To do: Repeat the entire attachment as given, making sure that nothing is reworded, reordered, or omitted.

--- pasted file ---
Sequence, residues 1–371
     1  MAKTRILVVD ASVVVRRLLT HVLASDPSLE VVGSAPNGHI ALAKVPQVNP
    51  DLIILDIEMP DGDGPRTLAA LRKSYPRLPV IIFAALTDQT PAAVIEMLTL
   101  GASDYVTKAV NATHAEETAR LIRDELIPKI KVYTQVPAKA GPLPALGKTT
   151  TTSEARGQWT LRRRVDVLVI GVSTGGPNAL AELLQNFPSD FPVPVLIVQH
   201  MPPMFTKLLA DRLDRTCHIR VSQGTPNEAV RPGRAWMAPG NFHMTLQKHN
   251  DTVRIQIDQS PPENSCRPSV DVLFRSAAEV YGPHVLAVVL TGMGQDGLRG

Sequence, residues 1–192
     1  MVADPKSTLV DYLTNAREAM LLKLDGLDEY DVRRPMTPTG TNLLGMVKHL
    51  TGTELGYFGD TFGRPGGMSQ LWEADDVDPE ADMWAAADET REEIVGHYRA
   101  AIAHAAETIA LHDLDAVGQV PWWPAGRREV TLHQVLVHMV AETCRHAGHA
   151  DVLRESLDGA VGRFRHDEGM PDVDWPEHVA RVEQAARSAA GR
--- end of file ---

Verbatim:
Sequence, residues 1–371
     1  MAKTRILVVD ASVVVRRLLT HVLASDPSLE VVGSAPNGHI ALAKVPQVNP
    51  DLIILDIEMP DGDGPRTLAA LRKSYPRLPV IIFAALTDQT PAAVIEMLTL
   101  GASDYVTKAV NATHAEETAR LIRDELIPKI KVYTQVPAKA GPLPALGKTT
   151  TTSEARGQWT LRRRVDVLVI GVSTGGPNAL AELLQNFPSD FPVPVLIVQH
   201  MPPMFTKLLA DRLDRTCHIR VSQGTPNEAV RPGRAWMAPG NFHMTLQKHN
   251  DTVRIQIDQS PPENSCRPSV DVLFRSAAEV YGPHVLAVVL TGMGQDGLRG

Sequence, residues 1–192
     1  MVADPKSTLV DYLTNAREAM LLKLDGLDEY DVRRPMTPTG TNLLGMVKHL
    51  TGTELGYFGD TFGRPGGMSQ LWEADDVDPE ADMWAAADET REEIVGHYRA
   101  AIAHAAETIA LHDLDAVGQV PWWPAGRREV TLHQVLVHMV AETCRHAGHA
   151  DVLRESLDGA VGRFRHDEGM PDVDWPEHVA RVEQAARSAA GR